6. 6. 3 7 s i g n a l s 10 9 the time you should spend. Don’t stretch seven into thirty. When you think about it, the true cost of meetings is staggering. Let’s say you’re going to schedule a meet- ing that lasts one hour, and you invite ten people to at- tend. That’s actually a ten-hour meeting, not a one-hour meeting. You’re trading ten hours of productivity for one hour of meeting time. And it’s probably more like fifteen hours, because there are mental switching costs that come with stopping what you’re doing, going somewhere else to meet, and then resuming what you were doing beforehand. Is it ever OK to trade ten or fifteen hours of produc- tivity for one hour of meeting? Sometimes, maybe. But that’s a pretty hefty price to pay. Judged on a pure cost basis, meetings of this size quickly become liabilities, not assets. Think about the time you’re actually losing and ask yourself if it’s really worth it. If you decide you absolutely must get together, try to make your meeting a productive one by sticking to these simple rules: • Set a timer. When it rings, meeting’s over. Period. • Invite as few people as possible. • Always have a clear agenda. • Begin with a specific problem. Buy the book:
  7. 7. 110 REWORK • Meet at the site of the problem instead of a con- ference room. Point to real things and suggest real changes. • End with a solution and make someone respons- ible for implementing it. Buy the book:
  8. 8. Buy the book:
  9. 9. 14 1 Pick a fight If you think a competitor sucks, say so. When you do that, you’ll find that others who agree with you will rally to your side. Being the anti-______ is a great way to dif- ferentiate yourself and attract followers. For example, Dunkin’ Donuts likes to position it- self as the anti-Starbucks. Its ads mock Starbucks for using “Fritalian” terms instead of small, medium, and large. Another Dunkin’ campaign is centered on a taste test in which it beat Starbucks. There’s even a site called where visitors can send e-cards with statements like “Friends don’t let friends drink Starbucks.” Audi is another example. It’s been taking on the old guard of car manufacturers. It puts “old luxury” brands like Rolls-Royce and Mercedes “on notice” in ads tout- ing Audi as the fresh luxury alternative. Audi takes on Lexus’s automatic parking systems with ads that say Audi drivers know how to park their own cars. Another ad gives a side-by-side comparison of BMW and Audi owners: The BMW owner uses the rearview mirror to adjust his hair while the Audi driver uses the mirror to see what’s behind him. Apple jabs at Microsoft with ads that compare Mac and PC owners, and 7UP bills itself as the Uncola. Buy the book:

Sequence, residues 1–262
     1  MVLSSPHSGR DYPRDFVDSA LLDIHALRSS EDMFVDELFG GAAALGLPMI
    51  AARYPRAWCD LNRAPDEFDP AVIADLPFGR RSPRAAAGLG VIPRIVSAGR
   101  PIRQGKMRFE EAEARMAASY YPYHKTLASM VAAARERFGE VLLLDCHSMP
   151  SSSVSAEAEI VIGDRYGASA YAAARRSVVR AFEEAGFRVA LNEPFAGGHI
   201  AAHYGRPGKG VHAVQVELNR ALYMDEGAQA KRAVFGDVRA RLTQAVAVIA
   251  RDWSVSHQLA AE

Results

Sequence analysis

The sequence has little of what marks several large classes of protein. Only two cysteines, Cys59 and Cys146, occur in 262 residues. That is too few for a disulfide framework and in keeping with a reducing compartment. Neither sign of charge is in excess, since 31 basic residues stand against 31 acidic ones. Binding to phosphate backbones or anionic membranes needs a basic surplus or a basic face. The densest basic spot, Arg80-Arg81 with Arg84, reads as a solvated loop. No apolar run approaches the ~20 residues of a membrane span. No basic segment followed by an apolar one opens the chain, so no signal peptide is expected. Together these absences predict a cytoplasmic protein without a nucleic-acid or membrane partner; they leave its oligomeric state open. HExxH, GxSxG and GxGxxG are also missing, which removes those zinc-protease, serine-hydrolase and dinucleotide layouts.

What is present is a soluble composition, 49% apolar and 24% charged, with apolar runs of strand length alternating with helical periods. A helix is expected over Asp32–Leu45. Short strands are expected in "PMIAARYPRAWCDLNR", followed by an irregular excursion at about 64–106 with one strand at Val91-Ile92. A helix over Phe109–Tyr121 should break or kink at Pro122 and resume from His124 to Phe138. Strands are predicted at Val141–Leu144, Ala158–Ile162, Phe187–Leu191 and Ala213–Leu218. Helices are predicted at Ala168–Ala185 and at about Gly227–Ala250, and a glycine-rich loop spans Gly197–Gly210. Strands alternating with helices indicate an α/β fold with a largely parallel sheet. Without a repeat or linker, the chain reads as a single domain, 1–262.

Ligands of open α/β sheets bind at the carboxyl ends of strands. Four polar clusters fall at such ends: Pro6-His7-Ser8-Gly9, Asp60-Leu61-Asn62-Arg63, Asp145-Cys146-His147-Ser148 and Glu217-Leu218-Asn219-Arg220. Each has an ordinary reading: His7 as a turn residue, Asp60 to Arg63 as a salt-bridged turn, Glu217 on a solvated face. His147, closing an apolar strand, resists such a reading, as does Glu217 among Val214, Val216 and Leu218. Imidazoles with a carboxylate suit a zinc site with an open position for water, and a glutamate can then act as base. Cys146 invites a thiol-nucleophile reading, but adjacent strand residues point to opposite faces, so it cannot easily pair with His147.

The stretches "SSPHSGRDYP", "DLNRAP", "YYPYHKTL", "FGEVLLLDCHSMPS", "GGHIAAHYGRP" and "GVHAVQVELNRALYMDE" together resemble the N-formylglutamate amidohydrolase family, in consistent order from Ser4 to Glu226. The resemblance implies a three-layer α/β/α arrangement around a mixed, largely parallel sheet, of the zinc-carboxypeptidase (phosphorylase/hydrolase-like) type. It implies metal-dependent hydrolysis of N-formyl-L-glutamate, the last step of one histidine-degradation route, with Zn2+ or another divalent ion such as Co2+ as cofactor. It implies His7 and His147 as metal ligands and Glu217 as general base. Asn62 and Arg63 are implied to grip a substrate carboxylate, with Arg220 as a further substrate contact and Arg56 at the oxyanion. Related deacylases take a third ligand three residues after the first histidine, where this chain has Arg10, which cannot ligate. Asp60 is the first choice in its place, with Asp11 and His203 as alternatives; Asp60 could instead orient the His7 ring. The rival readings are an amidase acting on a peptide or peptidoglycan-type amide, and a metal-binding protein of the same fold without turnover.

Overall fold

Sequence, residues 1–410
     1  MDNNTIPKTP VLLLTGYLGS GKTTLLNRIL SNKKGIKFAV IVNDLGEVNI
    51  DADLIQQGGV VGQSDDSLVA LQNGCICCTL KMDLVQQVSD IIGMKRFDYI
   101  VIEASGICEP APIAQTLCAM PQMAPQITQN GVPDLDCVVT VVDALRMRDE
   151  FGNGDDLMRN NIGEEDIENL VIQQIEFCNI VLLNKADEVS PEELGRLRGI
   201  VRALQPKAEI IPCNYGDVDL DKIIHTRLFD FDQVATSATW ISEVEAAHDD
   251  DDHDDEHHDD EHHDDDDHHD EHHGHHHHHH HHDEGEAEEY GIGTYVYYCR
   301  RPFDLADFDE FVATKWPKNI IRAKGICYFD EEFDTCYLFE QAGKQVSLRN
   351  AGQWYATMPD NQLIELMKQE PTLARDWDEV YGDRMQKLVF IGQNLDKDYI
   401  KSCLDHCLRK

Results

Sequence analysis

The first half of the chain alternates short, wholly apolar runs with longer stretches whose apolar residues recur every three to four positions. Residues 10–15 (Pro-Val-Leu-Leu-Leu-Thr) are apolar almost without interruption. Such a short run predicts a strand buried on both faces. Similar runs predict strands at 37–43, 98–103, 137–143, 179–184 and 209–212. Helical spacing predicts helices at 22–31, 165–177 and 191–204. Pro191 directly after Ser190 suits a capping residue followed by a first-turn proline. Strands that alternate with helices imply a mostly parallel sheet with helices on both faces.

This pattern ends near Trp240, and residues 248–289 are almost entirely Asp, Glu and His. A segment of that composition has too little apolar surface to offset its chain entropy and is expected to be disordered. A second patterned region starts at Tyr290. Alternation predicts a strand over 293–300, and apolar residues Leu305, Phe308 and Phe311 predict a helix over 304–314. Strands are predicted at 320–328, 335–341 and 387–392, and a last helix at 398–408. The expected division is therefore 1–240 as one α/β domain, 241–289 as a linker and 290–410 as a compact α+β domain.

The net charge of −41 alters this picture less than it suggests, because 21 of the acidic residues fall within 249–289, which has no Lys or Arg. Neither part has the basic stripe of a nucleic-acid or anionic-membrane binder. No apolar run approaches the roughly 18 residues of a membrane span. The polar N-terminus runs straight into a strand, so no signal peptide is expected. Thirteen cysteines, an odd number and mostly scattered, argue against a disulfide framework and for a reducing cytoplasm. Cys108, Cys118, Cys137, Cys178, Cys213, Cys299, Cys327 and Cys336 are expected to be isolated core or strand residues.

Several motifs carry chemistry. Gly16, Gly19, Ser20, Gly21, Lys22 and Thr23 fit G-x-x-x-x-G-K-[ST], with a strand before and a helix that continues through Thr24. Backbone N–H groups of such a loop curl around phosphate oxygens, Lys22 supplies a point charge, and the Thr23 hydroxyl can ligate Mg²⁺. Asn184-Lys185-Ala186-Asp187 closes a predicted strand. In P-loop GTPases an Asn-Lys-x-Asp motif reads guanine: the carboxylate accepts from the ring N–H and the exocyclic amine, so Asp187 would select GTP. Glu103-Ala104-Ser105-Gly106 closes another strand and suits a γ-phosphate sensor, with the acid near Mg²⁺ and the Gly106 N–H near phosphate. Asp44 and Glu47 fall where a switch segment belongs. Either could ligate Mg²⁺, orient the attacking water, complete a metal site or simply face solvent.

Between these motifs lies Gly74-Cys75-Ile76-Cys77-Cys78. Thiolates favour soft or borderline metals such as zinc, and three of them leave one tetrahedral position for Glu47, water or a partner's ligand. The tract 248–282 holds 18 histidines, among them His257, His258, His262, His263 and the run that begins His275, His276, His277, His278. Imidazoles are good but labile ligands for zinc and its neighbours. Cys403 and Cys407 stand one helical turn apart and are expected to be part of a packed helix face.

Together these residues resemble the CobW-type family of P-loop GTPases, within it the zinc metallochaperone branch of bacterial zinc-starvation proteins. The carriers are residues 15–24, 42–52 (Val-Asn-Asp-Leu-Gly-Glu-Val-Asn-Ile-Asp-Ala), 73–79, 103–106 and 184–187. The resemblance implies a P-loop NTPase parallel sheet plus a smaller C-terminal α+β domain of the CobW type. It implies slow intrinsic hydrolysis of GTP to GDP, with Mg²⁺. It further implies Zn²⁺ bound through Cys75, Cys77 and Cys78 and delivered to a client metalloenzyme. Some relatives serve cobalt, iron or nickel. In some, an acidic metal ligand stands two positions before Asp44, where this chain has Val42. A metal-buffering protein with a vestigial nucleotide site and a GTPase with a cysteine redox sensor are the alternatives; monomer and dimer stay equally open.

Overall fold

10. 10. 142 REWORK Under Armour positions itself as Nike for a new gen- eration. All these examples show the power and direction you can gain by having a target in your sights. Who do you want to take a shot at? You can even pit yourself as the opponent of an en- tire industry. Dyson’s Airblade starts with the premise that the hand-dryer industry is a failure and then sells it- self as faster and more hygienic than the others. I Can’t Believe It’s Not Butter puts its enemy right there in its product name. Having an enemy gives you a great story to tell cus- tomers, too. Taking a stand always stands out. People get stoked by conflict. They take sides. Passions are ignited. And that’s a good way to get people to take notice. Buy the book:
  11. 11. Buy the book: